Thursday, February 7, 2008

CBP Publishes C-TPAT Accomplishments for 2007

The Customs-Trade Partnership Against Terrorism (C-TPAT) initiative is designed to build cooperative government-business relationships that strengthen and improve the international supply chain and U.S. border security. Since its introduction in November 2001 with just seven importers, this program has seen significant growth to over 7000 members and has received widespread support throughout the trade community in the United States and our trading partners. With this support and the hiring of additional CBP officers and supply chain specialists, C-TPAT continues to achieve its mission, goals and objectives.

The following are some of the accomplishments of C-TPAT for 2007:

· Supply chain security specialists visited manufacturing and logistics facilities in 79 countries, representing some of the most terrorist prone and high-risk areas of the world.

· C-TPAT validated 3,011 supply chains, representing a 27 percent increase from 2006. Of the 3,011 validations conducted, 601 or 20 percent were revalidations. This was the first year that C-TPAT began re-verifying supply chains.

· C-TPAT certified 2,601 new members in accordance with SAFE Port Act requirements.

· C-TPAT Tier III status was granted to 17 companies as a result of the validation process.

· C-TPAT suspended or removed 112 companies from the program for security breeches or failure to meet C-TPAT's minimum-security criteria as revealed in the validation process. Of the 112 companies, 47 were either conditionally or fully reinstated in the C-TPAT program after they demonstrated to CBP's satisfaction that immediate and sustained corrective action had been taken.

· C-TPAT made progress on additional SAFE Port Act mandates including the development of a 3rd Party Validation pilot program.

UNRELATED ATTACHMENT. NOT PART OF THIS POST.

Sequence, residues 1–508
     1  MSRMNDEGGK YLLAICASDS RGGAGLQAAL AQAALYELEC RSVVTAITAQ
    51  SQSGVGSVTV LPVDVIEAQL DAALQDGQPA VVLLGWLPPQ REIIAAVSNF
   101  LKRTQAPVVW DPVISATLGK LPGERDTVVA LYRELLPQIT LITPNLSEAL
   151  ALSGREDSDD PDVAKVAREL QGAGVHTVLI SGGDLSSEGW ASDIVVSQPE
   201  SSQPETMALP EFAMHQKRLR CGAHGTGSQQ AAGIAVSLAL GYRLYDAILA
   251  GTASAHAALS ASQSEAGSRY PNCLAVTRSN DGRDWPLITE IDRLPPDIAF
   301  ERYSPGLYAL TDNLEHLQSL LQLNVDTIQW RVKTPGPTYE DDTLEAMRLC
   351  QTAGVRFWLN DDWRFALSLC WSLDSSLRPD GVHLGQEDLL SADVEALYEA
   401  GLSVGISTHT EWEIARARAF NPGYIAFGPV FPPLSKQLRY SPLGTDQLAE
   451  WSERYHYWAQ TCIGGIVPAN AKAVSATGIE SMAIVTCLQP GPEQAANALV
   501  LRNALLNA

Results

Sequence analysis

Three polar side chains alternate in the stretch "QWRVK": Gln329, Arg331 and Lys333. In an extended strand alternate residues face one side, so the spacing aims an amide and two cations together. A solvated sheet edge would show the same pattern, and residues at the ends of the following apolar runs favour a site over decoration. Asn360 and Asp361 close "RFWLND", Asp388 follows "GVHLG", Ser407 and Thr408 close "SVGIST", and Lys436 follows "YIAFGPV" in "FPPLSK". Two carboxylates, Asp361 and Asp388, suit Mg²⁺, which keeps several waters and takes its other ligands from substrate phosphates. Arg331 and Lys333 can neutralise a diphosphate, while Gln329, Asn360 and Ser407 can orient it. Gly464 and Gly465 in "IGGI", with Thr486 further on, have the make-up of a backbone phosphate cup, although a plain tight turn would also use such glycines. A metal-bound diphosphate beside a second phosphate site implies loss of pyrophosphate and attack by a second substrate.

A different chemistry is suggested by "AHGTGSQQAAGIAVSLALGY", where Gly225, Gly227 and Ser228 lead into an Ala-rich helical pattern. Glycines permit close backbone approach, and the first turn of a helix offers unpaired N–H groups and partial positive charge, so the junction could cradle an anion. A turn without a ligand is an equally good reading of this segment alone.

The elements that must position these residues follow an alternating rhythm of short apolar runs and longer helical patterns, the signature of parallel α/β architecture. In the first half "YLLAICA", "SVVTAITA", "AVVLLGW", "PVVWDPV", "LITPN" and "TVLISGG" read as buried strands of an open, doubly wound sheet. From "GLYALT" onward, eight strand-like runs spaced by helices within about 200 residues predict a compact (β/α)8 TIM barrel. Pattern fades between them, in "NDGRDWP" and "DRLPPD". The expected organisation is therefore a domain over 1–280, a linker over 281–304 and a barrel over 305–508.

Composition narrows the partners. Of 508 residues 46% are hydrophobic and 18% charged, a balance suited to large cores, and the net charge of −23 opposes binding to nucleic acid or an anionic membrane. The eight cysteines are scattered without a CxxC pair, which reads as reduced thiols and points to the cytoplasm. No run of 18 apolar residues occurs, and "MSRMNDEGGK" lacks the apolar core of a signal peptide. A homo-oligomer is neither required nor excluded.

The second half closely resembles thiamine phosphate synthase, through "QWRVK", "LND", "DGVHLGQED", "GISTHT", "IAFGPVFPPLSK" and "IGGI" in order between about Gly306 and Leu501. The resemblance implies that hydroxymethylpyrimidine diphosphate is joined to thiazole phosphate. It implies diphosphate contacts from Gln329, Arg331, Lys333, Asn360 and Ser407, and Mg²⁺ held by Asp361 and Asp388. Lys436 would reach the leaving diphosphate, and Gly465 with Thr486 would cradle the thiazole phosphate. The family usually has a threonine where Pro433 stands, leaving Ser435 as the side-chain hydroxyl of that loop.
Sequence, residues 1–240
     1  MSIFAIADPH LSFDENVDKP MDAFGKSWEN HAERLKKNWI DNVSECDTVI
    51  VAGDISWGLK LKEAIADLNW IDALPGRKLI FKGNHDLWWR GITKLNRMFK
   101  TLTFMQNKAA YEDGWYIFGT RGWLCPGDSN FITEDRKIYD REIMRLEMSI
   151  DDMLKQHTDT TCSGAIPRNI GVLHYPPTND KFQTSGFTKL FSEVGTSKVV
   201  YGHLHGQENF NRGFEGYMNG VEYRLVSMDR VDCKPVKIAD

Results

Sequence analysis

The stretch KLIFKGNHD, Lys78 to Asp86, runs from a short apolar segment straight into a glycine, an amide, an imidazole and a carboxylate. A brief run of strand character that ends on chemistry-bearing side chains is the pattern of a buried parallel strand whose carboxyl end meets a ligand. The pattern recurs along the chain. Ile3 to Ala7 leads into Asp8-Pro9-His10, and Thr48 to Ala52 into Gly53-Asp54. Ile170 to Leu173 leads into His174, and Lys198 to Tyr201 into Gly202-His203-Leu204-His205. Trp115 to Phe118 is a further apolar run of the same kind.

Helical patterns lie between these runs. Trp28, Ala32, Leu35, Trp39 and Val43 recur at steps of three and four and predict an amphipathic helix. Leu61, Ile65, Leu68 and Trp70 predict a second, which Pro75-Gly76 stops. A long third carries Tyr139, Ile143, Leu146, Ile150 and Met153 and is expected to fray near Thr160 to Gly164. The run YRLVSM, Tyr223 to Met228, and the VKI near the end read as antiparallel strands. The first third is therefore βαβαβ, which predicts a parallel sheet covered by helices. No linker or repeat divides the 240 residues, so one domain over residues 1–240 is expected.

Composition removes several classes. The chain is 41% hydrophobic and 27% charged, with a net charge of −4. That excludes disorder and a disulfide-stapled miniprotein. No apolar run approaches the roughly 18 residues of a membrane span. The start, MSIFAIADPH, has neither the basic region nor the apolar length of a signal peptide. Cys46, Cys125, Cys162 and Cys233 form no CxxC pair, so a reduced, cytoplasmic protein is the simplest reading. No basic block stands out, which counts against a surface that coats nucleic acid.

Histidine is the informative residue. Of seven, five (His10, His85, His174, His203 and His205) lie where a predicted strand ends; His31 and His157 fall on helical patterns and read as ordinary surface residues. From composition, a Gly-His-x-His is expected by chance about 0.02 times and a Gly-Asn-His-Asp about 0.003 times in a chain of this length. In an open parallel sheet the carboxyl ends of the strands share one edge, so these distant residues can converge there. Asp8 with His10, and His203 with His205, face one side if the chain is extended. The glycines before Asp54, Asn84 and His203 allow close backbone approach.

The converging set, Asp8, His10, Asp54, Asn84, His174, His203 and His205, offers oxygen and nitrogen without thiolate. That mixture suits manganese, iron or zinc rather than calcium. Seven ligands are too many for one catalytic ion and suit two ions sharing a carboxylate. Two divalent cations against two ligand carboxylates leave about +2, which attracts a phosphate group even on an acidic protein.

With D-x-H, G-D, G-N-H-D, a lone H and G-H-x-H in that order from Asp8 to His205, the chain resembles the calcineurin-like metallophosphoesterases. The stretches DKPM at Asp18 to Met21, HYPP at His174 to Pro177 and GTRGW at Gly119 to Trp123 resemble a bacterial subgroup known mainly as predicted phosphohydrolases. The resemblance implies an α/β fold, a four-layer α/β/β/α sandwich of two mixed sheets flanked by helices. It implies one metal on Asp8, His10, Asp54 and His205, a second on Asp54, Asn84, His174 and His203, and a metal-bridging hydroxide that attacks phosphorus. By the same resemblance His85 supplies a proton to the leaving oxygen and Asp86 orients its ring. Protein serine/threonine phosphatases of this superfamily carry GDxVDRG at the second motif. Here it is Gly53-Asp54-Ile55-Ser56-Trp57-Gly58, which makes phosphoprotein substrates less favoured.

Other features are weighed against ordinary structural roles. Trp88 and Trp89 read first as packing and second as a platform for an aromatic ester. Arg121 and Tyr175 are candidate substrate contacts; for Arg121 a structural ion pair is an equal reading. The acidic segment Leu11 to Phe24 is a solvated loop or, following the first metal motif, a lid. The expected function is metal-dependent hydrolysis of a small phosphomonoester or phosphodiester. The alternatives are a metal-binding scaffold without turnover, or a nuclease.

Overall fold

· To enhance the supply chain security processes and procedures of its members, minimum-security criteria were issued for Mexican long haul carriers, U.S. and foreign-based marine port authority and terminal operators, foreign manufacturers and air carriers.

· C-TPAT signed a mutual recognition agreement with New Zealand’s Customs Service and established work plans with several other countries to achieve similar arrangements.

· C-TPAT participated in more than 100 conferences and seminars throughout the world.

· The University of Virginia conducted a survey on behalf of CBP to determine member's perceptions regarding the cost, benefits and motivations to join the program. The results demonstrated that C-TPAT has moved thousands of companies to provide closer scrutiny to the security of the goods they handle and to ensure that their overseas suppliers have implemented sound security practices.

As the new year begins, CBP continues its increased determination to prevent terrorists and terrorist weapons from entering the U.S. and strengthen the relationships with the trade community and our foreign trading partners. Working with the trade community and foreign partners, CBP will continue to pursue the achievement of the mission, goals and objectives of C-TPAT. CBP is committed to:

· Conducting more validations and revalidations.
· Providing training opportunities to C-TPAT members.
· Requesting additional funds for hiring new employees, improving facilities and upgrading and acquiring new equipment.
· Enhancing air, sea and land border security measures.
· Improving communication, understanding and mechanisms for prevention of terrorism.

Be a part of this successful government-industry team by continuing your participation, support and vigilance in C-TPAT!

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